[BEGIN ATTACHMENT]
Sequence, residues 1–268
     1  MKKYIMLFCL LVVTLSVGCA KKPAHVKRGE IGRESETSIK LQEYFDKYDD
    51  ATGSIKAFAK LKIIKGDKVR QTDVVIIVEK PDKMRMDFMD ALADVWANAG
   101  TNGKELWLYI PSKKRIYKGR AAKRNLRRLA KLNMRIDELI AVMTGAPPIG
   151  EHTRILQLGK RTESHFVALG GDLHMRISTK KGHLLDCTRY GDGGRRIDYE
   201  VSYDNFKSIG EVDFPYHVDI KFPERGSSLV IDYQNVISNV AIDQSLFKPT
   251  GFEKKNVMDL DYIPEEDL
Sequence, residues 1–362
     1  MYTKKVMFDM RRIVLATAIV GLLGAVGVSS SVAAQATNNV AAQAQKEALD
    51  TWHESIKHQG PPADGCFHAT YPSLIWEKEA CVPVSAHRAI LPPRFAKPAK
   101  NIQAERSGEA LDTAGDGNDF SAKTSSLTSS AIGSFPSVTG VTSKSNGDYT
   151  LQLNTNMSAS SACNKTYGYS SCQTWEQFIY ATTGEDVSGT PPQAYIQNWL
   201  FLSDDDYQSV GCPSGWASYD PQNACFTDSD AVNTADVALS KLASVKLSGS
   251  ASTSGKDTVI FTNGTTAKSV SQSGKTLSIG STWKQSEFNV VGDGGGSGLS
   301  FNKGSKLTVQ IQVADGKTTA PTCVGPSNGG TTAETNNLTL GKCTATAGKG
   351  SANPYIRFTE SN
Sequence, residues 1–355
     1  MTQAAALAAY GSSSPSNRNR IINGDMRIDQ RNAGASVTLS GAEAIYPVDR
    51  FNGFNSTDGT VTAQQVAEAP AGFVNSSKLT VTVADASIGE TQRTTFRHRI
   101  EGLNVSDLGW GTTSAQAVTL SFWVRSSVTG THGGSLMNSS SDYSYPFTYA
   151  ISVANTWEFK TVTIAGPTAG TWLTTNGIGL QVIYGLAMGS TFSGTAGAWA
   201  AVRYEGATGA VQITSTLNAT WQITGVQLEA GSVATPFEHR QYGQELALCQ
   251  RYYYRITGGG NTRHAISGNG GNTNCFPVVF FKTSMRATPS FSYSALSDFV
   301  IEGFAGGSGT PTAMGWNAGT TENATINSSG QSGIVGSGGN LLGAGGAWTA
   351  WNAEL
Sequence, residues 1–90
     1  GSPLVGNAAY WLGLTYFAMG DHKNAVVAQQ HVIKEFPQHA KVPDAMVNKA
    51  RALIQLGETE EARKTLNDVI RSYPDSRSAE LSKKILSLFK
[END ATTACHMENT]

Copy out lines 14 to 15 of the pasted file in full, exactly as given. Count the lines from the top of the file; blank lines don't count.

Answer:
   251  ASTSGKDTVI FTNGTTAKSV SQSGKTLSIG STWKQSEFNV VGDGGGSGLS
   301  FNKGSKLTVQ IQVADGKTTA PTCVGPSNGG TTAETNNLTL GKCTATAGKG